The balance beam 3 has its bottom face tapered from its center toward respective ends thereof to conserve weight, and has a forked front end l2 which is beveled to provide comparatively sharp top edges I3. The top rear portion le, of the B5 balance beam, is `iiat and recessed to dispose same below theplane of the top of said beam` An anvil I5, having tapered sides and a rounded top l@ extending parallel to the longitudinal disposition of the barrel l, is secured to the top a0 of the latter at the front end thereof. The anvil is provided with a vertical passage ll, communicating with the interior of the barrel, for receiving a vertically disposed plunger i8. The upper end of the latter carries a tip IS, which is pointed, and has a fixed, detachable connection with said plunger, and projects through the top of the passage ll.
The plunger I8 projects through the forked front end Ii of the balance beam 3, and is carried by a cross-pin 2t, which is xed in said plunger and seats upon the sharp top edges i3 of said forked front end. The plunger is vertically shiftable and free of friction in the anvil passage Il, and is held against rotation in the latter by a pin 2| xed in the plunger and projecting rearwardly in the forked beam end I2. The lower end of the plunger I8 has a frictionless engagement in a socket bearing 22 fixed in the bottom of the barrel I.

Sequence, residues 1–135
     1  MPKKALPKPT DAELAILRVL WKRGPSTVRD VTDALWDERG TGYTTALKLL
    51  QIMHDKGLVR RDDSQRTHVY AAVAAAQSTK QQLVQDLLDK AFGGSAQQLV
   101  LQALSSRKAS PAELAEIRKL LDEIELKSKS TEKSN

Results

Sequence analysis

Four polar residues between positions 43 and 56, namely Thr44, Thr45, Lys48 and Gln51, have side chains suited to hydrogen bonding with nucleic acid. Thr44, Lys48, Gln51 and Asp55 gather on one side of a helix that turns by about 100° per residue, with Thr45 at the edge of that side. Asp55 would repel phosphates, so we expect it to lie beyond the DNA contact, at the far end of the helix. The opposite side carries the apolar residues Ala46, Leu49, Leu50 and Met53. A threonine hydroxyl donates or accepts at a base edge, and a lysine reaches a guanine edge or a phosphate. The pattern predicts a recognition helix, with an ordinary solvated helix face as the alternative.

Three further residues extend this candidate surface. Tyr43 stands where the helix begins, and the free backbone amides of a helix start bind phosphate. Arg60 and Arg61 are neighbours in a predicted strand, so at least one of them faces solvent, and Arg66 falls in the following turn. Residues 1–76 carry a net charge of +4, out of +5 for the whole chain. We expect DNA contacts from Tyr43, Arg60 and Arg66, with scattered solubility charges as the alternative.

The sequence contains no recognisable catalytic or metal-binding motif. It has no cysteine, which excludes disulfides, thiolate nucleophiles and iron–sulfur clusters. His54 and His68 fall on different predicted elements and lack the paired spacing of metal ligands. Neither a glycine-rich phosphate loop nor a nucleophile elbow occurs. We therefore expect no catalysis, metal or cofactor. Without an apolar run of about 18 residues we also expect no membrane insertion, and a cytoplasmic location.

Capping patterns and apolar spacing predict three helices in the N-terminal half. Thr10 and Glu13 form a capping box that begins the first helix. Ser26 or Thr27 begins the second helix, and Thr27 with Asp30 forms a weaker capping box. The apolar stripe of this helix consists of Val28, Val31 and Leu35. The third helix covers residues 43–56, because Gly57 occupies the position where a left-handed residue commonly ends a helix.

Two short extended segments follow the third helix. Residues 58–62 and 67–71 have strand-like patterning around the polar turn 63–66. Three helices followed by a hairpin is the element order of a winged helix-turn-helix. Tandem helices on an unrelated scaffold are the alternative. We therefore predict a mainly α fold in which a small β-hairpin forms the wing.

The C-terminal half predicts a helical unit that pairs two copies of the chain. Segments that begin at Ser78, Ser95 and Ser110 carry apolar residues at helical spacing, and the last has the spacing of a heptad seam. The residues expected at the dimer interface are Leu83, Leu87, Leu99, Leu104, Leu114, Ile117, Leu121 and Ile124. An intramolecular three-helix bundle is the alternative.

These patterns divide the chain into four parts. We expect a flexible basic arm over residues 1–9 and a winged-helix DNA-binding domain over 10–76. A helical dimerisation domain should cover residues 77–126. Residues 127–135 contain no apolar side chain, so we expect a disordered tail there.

A dial indicator 23, of any suitable conventional construction, is mounted on a support 24, which latter is fixed to the top of the barrel I at the rear end thereof. The indicator is provided with a scale graduated dial, each graduation representing one one-thousandth of an inch, and includes a spring controlled actuating rod 25.
'Ihe latter extends vertically through a passage,
provided therefor in the support 24 and projects into the barrel and has its lower end seated upon the flat, recessed rear end I4 of the balance beam `3. The normal action of the spring controlled actuating rod 25 will shift the balance beam 3 to move the plunger I 8 vertically upward in the anvil passage I'I. The depression of the plunger, however, will shift the balance bean to move the actuating rod upwardly whereby the indicator is' operated to indicate, upon the dial of the indicator the extent of such depression of the plunger.
A clamping arm 23 is provided for properly engaging the product or work to be measured. 'Ihe rear end of the clamping arm is detachably iixed to the top of the upwardly disposed connecting member 2l of a bell crank lever 28 by means of a bolt 29 having a knurled head 3Il. The bell crank lever is pvotally connected by a pivot pin 3l in a bearing bracket 32, which latter is fixed on the top of the barrel I adjacent to the indicator 23.